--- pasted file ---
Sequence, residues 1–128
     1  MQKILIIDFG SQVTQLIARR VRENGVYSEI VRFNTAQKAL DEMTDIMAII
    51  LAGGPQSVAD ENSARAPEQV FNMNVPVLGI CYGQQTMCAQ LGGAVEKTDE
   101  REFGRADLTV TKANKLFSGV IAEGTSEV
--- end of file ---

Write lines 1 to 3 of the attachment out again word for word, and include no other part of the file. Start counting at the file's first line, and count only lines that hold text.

Sequence, residues 1–128
     1  MQKILIIDFG SQVTQLIARR VRENGVYSEI VRFNTAQKAL DEMTDIMAII
    51  LAGGPQSVAD ENSARAPEQV FNMNVPVLGI CYGQQTMCAQ LGGAVEKTDE